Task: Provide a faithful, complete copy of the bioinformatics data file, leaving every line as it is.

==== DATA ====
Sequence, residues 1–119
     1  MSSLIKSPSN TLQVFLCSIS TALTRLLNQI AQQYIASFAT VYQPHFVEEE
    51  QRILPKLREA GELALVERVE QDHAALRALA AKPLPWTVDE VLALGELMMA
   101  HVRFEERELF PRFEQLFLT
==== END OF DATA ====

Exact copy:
Sequence, residues 1–119
     1  MSSLIKSPSN TLQVFLCSIS TALTRLLNQI AQQYIASFAT VYQPHFVEEE
    51  QRILPKLREA GELALVERVE QDHAALRALA AKPLPWTVDE VLALGELMMA
   101  HVRFEERELF PRFEQLFLT